The Stockholm Octavo by Karen Engelmann.

Honorable mentions here for The Beekeeper’s Apprentice by Laurie R. King and PYG: The Memoirs of a Learned Pig by Russell A. Potter. NB: I always post a top ten fiction and a top ten non-fiction list on my blog on December 31, so check in there at the end of the year for the complete list.


Kate:

How to Be a Woman by Caitlin Moran.

The Age of Miracles by Karen Thompson Walker.

Gone Girl by Gillian Flynn.

Wild: From Lost to Found on the Pacific Crest Trail by Cheryl Strayed.

The Marriage Plot by Jeffrey Eugenides.

Kate gives an honorable mention to Pulphead: Essays by John Jeremiah Sullivan.


Mike:

The Blinding Knife by Brent Weeks.

In the Woods by Tana French.

The Riyria Revelations (series) by Michael J. Sullivan.

Chronicles of the Black Company by Glen Cook.

Hide and Seek by Ian Rankin.


Seth:

The Hunger Games by Suzanne Collins.

Mistborn: The Final Empire by Brandon Sanderson.

The Hobbit by J.R.R. Tolkien.

The Hitchhiker’s Guide to the Galaxy by Douglas Hunter.

PHP Master: Write Cutting-Edge Code by Davey Shafik.


What were your favorite 2012 reads? Come tell us here.

Labels: holiday, lists, reading, top five

Thursday, December 13th, 2012

End-of-2012 ReadaThing!

Mark your calendars! Coming up soon is the special End-of-2012 ReadaThing! All are welcome, and you don’t have to read for the full week: the goal is to have a few people from around the world reading at any given time during the ReadaThing. You don’t even have a pick a set time if you don’t want to – just dip in and out as your reading schedule permits!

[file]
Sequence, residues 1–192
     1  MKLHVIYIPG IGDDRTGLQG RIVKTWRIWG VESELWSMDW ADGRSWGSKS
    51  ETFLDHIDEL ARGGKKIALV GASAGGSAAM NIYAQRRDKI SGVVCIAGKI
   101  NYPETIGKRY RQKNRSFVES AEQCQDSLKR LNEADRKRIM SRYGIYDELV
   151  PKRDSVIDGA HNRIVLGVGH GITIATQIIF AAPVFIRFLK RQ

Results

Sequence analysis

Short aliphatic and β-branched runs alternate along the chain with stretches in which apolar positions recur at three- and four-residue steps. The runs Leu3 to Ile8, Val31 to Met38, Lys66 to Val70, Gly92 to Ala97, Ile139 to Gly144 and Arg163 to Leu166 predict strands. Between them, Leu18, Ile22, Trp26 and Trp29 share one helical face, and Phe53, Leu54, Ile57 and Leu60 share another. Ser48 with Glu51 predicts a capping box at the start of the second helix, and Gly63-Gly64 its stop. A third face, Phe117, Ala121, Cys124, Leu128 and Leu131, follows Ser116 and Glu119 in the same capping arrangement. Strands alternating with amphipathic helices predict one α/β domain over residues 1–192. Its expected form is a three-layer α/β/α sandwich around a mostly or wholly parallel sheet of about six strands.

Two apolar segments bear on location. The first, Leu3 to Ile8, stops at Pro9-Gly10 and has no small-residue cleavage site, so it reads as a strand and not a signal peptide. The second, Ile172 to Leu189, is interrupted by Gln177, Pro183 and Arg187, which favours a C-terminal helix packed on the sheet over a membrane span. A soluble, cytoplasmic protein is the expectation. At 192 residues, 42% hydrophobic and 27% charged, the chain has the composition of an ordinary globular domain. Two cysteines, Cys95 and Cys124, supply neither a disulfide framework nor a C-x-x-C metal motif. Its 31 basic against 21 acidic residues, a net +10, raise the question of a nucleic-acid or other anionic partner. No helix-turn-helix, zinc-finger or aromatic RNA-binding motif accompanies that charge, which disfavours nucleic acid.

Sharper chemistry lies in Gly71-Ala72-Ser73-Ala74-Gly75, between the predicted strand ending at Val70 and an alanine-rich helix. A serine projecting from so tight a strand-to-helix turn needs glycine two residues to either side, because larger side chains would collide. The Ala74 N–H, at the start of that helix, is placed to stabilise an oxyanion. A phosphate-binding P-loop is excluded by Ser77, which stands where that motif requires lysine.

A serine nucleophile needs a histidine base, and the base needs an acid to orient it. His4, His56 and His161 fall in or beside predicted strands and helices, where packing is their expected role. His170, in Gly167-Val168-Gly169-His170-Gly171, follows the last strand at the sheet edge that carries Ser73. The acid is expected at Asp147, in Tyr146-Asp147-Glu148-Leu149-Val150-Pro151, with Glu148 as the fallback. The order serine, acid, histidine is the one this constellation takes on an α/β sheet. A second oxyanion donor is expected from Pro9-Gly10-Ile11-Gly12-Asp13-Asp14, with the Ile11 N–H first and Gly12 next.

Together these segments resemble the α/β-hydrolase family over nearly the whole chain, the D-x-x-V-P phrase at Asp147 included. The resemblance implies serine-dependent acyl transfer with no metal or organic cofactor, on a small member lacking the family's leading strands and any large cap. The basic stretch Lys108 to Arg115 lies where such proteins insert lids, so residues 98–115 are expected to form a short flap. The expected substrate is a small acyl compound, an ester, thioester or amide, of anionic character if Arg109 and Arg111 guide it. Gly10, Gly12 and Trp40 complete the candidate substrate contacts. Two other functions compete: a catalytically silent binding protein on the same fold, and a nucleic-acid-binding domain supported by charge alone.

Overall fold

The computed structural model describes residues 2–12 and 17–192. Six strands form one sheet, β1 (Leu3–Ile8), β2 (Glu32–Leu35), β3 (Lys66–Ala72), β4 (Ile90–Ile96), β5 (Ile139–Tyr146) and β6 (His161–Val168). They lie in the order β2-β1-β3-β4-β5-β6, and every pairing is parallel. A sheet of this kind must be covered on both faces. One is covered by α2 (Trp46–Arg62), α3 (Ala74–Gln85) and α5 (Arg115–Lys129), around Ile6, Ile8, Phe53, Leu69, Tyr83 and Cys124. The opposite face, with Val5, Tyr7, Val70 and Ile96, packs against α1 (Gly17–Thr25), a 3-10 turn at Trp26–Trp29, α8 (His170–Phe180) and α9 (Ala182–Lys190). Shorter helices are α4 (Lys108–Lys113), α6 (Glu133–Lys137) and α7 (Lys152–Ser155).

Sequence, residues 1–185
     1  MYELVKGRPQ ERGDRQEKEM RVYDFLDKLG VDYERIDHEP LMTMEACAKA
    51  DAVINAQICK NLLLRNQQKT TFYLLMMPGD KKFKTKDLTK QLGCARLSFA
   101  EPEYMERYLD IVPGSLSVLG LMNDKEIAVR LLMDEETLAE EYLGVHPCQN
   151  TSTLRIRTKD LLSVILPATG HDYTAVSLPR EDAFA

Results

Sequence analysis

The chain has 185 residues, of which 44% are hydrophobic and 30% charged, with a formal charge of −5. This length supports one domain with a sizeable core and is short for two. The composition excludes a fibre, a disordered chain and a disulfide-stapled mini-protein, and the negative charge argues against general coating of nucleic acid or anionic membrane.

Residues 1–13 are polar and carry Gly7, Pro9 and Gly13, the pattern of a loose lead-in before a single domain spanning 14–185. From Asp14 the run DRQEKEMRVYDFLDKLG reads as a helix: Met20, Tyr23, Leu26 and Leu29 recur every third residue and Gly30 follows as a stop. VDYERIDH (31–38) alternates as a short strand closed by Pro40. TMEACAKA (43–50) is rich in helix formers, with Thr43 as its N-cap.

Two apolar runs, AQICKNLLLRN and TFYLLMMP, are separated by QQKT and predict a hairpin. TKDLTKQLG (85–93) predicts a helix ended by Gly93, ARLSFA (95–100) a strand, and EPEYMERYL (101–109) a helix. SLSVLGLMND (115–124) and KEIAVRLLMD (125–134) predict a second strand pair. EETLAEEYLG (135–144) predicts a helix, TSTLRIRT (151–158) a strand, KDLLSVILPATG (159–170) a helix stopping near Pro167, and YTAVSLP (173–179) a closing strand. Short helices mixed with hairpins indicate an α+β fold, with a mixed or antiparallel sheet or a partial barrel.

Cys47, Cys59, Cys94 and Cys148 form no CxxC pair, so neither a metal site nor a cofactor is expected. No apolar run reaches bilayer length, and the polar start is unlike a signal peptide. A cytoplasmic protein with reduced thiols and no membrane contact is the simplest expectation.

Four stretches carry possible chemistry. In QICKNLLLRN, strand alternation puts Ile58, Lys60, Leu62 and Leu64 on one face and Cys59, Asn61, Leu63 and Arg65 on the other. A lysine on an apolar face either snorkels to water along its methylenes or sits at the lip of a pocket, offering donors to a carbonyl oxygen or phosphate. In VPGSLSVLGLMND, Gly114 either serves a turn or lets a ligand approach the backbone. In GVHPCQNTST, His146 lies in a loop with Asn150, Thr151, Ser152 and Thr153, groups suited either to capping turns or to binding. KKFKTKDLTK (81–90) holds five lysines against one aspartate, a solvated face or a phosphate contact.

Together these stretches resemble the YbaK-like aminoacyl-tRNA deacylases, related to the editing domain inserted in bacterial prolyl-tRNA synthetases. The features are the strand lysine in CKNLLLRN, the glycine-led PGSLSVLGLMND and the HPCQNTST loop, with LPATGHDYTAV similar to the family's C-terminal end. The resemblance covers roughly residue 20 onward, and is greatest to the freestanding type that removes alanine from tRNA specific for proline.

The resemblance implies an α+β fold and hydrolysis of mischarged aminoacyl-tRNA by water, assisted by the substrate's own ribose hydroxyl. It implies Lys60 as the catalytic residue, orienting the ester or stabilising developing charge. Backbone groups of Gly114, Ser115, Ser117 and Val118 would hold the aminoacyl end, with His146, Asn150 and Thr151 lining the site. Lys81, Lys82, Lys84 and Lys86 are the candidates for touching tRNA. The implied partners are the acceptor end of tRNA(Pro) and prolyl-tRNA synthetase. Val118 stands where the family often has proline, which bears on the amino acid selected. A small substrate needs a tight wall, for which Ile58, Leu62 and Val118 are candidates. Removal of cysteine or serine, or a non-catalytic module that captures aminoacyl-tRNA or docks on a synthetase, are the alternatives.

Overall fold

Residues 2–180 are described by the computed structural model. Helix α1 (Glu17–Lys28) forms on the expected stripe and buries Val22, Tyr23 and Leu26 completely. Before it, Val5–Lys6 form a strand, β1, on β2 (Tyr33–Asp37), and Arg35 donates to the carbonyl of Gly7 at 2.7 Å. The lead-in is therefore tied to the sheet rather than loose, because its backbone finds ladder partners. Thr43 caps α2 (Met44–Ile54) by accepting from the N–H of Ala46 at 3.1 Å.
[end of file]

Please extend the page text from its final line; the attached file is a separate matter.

The official start time will be at midnight on Sunday, 23 December UTC: that’s 7 p.m. Saturday in the Eastern US/Canada/LT time zone. This ReadaThing will have a staggered ending at midnight local time on January 1, 2013, to ring in the New Year in true LT style. See the time chart here.

For more information, see the announcement thread; to sign up, head right to the ReadaThing wiki. As we get closer to the date, we’ll add threads where you can post what will you be reading, and during the ReadaThing you can use the “Log Book” thread to document your ReadaThing experience.

For more on ReadaThings, and to participate in planning future events, join the ReadaThing group.

Labels: holiday, readathon, reading

Monday, December 7th, 2009

Give the gift of LibraryThing: Teeshirt sale and more!

Don’t know what gift to give your favorite bibliophile? Support reading habits, show readers in your life how much you care about their happiness, and give the gift of organization with the LibraryThing store.

We have LibraryThing teeshirts, on SALE! Normally, they’re $15, but we’re selling them for $9 until December 31st.

We also have cuecat barcode scanners ($15), stickers ($2) and gift accounts (yearly:$10, lifetime: $25)*. Who wouldn’t like to receive a package with a cuecat cozily wrapped in a teeshirt? Another great pairing is a gift membership and a cuecat, for the post-holiday cataloging frenzy.

Shipping dates for delivery before December 25th:
December 21st: USPS First Class and Priority Mail shipping
December 11th: International shipping

We accept PayPal, credit cards, and even checks or money orders.

*Shipping is not included in the prices I quoted, but if you click on the links, you can figure out how much shipping costs based on your location and desired expediency.

Labels: cuecats, gifts, holiday, sale, teeshirts, tshirts